Hashtag Activism as a Form of Political Action: A Qualitative Analysis of the #BringBackOurGirls Campaign in Nigerian, UK, and U.S. Press

Sylvester Senyo Ofori-Parku, Derek Moscato


Researchers have argued that social media such as Twitter redistribute news media’s power over how issues are framed to scattered networks of activists and citizens. But what happens when an online campaign such as #BringBackOurGirls against Boko Haram’s kidnapping of Nigerian schoolgirls garners global media coverage? Using qualitative frame analysis, this study assesses how news media in Nigeria, the United Kingdom, and the United States framed the #BBOG activism campaign and finds key differences in news coverage. Despite Twitter’s potential for “networked framing” and diffusing news media’s power over discourses, the differential framing and localization of #BBOG in the United Kingdom and the United States vis-à-vis Nigeria demonstrates how institutional norms, local politics, and contextual realities can constrain social media activists’ preferred framing of important issues. Thus, despite Twitter’s promise for activism, online activists need to grapple with ways to maintain control over their issue discourses in the Twittersphere locally and (especially) internationally. We provide some recommendations on how to do this.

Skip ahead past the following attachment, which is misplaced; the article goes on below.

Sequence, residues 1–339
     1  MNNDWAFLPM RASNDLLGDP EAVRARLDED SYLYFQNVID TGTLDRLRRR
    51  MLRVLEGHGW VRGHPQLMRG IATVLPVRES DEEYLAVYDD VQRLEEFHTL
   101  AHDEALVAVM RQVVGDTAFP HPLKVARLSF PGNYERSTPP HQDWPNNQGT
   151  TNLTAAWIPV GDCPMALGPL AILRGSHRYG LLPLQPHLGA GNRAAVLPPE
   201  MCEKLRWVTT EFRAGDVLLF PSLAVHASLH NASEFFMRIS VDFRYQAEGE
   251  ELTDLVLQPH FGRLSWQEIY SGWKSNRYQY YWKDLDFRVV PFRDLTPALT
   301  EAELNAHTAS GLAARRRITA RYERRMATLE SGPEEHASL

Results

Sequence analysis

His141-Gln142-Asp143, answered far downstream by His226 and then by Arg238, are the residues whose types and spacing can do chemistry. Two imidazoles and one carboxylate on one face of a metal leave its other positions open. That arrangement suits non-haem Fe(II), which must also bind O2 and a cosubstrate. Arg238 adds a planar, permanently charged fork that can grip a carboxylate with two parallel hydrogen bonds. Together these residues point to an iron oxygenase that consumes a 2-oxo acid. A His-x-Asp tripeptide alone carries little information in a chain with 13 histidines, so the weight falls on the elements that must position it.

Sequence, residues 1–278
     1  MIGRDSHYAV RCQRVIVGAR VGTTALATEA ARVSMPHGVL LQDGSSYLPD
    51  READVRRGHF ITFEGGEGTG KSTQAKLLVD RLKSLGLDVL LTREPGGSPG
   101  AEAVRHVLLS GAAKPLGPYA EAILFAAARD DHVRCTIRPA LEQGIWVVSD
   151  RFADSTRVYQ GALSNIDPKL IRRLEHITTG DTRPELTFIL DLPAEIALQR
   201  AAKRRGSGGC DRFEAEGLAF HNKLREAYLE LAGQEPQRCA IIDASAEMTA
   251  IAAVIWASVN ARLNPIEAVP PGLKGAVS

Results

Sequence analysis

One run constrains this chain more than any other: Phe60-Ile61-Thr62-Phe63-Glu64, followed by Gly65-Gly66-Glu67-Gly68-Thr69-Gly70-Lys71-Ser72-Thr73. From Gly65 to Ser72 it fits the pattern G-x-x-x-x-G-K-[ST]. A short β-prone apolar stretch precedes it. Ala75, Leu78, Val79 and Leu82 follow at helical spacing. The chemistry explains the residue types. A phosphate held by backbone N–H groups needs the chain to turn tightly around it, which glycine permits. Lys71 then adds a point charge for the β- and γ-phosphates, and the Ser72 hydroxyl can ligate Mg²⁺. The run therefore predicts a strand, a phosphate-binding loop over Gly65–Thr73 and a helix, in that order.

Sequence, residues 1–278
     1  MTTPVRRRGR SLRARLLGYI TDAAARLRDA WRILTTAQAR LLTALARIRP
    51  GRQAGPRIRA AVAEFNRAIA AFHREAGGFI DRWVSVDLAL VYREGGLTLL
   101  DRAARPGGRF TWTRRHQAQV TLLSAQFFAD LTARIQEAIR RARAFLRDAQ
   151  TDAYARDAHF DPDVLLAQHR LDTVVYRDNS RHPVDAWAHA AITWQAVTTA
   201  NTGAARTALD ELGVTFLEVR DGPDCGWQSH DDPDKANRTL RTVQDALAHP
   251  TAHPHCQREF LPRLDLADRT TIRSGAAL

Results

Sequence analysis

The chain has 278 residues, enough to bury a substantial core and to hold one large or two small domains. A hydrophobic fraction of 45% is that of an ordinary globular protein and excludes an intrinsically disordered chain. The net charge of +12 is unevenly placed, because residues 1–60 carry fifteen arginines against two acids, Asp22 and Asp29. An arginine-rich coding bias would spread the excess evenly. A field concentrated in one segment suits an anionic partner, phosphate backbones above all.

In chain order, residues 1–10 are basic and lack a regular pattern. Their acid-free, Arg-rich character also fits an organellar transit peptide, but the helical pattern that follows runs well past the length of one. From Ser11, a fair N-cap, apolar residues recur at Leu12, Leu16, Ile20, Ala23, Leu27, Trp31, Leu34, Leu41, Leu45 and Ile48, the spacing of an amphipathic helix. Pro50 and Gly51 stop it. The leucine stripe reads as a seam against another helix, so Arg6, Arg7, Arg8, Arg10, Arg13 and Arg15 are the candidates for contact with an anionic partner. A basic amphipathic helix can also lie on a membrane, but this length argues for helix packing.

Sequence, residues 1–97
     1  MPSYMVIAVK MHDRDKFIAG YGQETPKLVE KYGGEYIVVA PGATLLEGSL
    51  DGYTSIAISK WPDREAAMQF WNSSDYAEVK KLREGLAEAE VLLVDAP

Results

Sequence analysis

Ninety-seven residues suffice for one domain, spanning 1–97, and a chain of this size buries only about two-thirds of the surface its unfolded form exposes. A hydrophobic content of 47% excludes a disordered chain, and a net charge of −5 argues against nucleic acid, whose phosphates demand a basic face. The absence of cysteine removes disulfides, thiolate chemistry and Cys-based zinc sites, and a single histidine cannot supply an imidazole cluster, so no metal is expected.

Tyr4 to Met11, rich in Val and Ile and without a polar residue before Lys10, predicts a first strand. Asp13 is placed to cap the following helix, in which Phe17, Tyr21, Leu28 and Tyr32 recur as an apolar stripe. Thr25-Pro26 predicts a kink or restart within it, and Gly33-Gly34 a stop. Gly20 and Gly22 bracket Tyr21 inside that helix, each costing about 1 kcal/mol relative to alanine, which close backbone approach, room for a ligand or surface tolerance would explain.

hashtag activism, online social movements, #BringBackOurGirls, qualitative framing analysis, Twitter activism, media framing and hashtags, Chibok girls

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